A lot has been coming up in the vegan world recently, where popular vegan influencers have voiced that they are no longer vegan. Some have been vegan for several years, promoting the lifestyle and helping others transition to veganism then, all of a sudden they began to experience different health issues (from poor digestion to declining health). How can this be? Is the vegan diet to blame? Were these vegan influencers not following their own protocol? Have my own views on the vegan lifestyle changed?
Let’s take a step back for a moment and talk about why people become vegan. Since we are all unique individuals, it is relevant to say that everyone’s reason is different. Some go vegan for the animals, for the planet, for their health, or for any other calling that they may have. From what I have seen, many of the vegan influencers on YouTube went vegan for the animals or their health first. Both are valid and practical, but can manifest as very different diets. The following scenarios are just two of the most common forms of eating that I see, but are by no means the only ways that people eat. Those in it for their own health may focus on whole foods or dive into “clean eating” routines, fasts, cleanses or other practices that focus on detox or restricting certain food groups. Those in it for the animals can also have a health-focused diet, but are also more likely to eat just about anything so long as it is vegan (fries, cookies, cakes, pizza, etc.).
When you change your diet, your microbiome (those healthy bacteria living in your gut to help you digest food and give you energy) changes too. Now, I don’t know these YouTubers personally, but have watched many of their “What I Eat In A Day” videos and if those are accurate, I can see why some nutritional deficiencies might arise...therefore leading to the need to consume animal products in order to meet their nutritional needs.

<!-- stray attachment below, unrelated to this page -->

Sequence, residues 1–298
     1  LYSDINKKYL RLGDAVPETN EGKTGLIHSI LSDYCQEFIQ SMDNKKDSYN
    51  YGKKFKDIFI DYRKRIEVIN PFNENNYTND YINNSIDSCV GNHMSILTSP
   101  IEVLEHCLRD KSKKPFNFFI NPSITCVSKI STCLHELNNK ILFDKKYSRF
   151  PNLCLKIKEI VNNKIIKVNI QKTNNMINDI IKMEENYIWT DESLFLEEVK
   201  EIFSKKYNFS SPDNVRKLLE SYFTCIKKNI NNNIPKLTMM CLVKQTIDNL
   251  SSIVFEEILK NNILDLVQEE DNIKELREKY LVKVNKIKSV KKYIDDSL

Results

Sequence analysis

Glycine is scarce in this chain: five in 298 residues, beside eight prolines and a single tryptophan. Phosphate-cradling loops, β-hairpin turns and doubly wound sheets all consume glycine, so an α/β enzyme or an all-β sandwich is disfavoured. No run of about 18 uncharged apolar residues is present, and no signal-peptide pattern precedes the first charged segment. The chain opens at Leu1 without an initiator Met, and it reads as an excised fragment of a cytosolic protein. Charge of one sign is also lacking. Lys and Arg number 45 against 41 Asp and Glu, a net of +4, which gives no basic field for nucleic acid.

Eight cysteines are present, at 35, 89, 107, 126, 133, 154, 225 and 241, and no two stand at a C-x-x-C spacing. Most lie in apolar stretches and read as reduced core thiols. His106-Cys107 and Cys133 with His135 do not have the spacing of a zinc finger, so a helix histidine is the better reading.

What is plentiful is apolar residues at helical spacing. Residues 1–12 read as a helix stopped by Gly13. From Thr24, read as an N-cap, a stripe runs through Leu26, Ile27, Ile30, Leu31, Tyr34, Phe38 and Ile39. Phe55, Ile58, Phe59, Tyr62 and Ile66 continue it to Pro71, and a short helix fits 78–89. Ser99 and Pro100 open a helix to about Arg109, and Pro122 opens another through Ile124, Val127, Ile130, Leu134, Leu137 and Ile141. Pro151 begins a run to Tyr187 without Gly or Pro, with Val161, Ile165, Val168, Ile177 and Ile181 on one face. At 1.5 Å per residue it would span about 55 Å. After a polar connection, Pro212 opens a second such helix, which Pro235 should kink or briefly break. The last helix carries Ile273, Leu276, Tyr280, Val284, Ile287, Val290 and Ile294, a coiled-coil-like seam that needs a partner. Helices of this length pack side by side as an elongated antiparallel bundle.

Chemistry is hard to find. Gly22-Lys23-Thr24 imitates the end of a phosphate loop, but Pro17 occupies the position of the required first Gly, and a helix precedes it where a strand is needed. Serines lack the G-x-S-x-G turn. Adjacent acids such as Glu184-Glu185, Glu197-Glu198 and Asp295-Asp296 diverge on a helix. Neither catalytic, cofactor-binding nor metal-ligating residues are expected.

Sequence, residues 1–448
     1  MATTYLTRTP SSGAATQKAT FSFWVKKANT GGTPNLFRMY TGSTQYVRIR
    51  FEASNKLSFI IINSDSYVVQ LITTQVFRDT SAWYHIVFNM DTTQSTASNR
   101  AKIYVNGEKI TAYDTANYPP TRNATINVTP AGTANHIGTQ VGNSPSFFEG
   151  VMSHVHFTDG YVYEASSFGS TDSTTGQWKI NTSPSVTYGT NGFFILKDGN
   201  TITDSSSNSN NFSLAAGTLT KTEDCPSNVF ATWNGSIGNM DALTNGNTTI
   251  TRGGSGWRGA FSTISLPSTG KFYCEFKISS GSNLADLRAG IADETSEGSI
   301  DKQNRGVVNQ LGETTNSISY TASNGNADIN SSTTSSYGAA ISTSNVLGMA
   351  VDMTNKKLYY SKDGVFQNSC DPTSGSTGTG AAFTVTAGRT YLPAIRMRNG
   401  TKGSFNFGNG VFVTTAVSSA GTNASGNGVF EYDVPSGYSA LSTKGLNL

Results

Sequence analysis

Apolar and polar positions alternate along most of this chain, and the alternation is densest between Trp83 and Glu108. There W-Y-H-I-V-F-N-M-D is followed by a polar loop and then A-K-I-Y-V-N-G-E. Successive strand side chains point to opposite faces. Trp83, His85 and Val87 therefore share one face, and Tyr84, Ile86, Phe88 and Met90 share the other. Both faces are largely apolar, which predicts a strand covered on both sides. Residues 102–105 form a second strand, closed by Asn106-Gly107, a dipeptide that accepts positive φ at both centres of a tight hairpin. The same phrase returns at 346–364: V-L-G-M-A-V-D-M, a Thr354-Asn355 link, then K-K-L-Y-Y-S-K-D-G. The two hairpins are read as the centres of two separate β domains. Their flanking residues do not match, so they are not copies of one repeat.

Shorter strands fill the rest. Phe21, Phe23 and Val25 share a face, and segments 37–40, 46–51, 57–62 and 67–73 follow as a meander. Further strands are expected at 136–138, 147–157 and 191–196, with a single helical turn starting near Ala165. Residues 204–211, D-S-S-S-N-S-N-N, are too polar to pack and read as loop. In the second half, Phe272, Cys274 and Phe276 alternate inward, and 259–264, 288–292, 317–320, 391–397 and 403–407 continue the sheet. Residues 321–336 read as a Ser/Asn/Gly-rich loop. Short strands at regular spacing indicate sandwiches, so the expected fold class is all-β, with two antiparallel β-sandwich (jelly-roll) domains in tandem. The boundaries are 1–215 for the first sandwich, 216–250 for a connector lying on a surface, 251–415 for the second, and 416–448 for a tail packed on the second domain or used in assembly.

Let’s start with the fasters.
These folks started off with a standard idea, backed by science. Fasting under medical supervision has been shown to be beneficial for many health conditions. The main point being “under medical supervision”. When anyone wants to fast, no matter how long or for what reason, they should be cleared by a doctor and supervised by a team of health professionals (dietitian, doctor and psychologist to name a few). There are not only physical effects of fasting, but also psychological and chemical changes that occur. When fasting (whether water or juice fasting), it is never a good idea to do it alone or unsupervised. The other issue is that these influencers fasted more than once and in different ways. If done improperly, this can lead to some major nutritional deficiencies and imbalances, not to mention hormonal and gut changes.
Now for the detoxers and cleansers.
If you have followed my social media for awhile, you may know that I am not a huge fan of detox diets or cleanses. I have my own personal preferences about them on several levels, but the science is just not there to back it up either. One beautiful thing about the human body is its ability to detox itself! That is what our kidneys and liver are for. Eating foods to support these organs is one thing, but drinking a special juice or eating a certain salad every day has not been proven by research to be effective at detoxing. Any diet that promotes a way of eating that is not sustainable long term, is not healthy. Sometimes, these diets can be beneficial in certain situations (like finding an intolerance or sensitivity or readjusting the gut microbiome) but again, should be done under medical supervision (dietitian and physician).
With all of this being said, and without drawing conclusions on someone’s life that I know very little about, I would have to say that these people got too strict with what they thought was a healthy lifestyle. By eliminating otherwise healthy foods and not allowing room for anything but what the diet calls for, it is a recipe for failure.
My goal as a dietitian is to help people find a way of eating that supports both their lifestyle and their nutritional needs.
Do I promote a plant-based vegan diet? Yes, of course! But, I also know that many are not ready for to be vegan and some people take smaller steps than others. The main thing I teach is adding more fruits, vegetables, whole grains, and beans into daily meals for ultimate digestion and longevity.
Do I think that everyone should be vegan? In theory, yes absolutely I think it would be an amazing thing for the world. But, in practicality, no. If more people ate a plant-based diet, and our food system changed so that access was not so difficult I think it would be much easier for more people to go vegan. But if everyone can start with simply one plant-based meal daily, they are already making a huge difference in their own life, in the lives of animals, and the protection and preservation of this home we call Earth.
Question of the day:
What is your biggest struggle when trying to add more plants to your daily meals?